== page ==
Nobumichi ARIGA
Name Nobumichi ARIGA
Department & group Department of Science and Engineering, Division of History of Science and Technology
Degree Ph.D. (Letters) (Kyoto University)
E-mail E-mail

Research Field

Dr. ARIGA is a historian of science and has been working for four years at the museum. His research interest is broad and diverse, and there are two principal concerns: the history of methods and concepts in physical and mathematical sciences, and the history of "science-based technology" in modern Japan. In addition to these, he is increasingly engaged in archival activities of Japanese scientists and research institutions.

Research Contents

Dr. ARIGA prefers to think about the "big picture" which integrates "Western" and "Japanese" versions of the history of science and technology. He is aiming for this through historical studies on the following research subjects.

1. History of Mechanics
He has studied the history of mechanics in eighteenth-century Europe since he first took his postgraduate course. In his PhD study, he deeply examined the concept of force by critically reading primary texts of mathematicians and philosophers including Euler and Lagrange.

2. History of Computational Science
One of his academic interests is about how computers have changed science and technology. He set out to make a series of comparative research on the beginnings of computer simulations, which are mainly based on Japanese cases. The first example is the numerical weather prediction developed in the 1950s.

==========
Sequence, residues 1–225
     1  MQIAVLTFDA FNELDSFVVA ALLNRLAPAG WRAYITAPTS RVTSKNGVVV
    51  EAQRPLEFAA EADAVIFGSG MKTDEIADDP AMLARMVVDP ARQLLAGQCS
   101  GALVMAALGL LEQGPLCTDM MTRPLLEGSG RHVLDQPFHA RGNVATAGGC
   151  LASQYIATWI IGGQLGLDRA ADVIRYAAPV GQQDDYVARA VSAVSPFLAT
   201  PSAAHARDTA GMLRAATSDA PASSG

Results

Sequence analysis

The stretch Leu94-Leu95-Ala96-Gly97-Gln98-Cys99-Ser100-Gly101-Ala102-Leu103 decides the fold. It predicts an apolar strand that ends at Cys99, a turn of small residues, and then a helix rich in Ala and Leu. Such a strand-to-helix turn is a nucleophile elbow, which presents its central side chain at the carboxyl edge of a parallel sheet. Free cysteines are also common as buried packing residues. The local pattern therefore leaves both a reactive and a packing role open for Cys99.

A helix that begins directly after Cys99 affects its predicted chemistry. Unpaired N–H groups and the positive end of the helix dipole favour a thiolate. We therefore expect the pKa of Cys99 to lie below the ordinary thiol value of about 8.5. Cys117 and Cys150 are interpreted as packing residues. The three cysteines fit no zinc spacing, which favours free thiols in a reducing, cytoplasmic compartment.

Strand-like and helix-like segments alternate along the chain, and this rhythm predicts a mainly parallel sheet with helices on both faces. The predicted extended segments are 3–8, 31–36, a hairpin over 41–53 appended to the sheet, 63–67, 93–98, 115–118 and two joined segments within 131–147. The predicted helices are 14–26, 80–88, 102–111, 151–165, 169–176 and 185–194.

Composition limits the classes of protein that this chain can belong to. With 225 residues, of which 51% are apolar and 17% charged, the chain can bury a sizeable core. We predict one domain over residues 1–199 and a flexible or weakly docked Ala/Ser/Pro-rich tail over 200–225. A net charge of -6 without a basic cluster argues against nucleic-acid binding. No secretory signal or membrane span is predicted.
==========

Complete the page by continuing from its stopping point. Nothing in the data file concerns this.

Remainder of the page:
3. Introduction of Western Science to Meiji Japan
He is curious about the reception of sciences from Europe and the United States, including not only scientific knowledge but also the social system of research and education. In particular, he aims to understand these Japanese developments in the context of a contemporary situation in the West.

4. Aspects of "Technological Innovation" in Postwar Japan
He is also trying to reconsider the development of Japanese technology after the World War II, chiefly by paying attention to different kinds of discourse and representation. Examples include the governmental White Papers and the Expo '70 held in Osaka.


I was trained in the philosophy and history of science department at Kyoto University and joined the museum in 2013. I hope to make contributions to the academic world (both domestic and international) as well as the public understanding of the history of science in my country.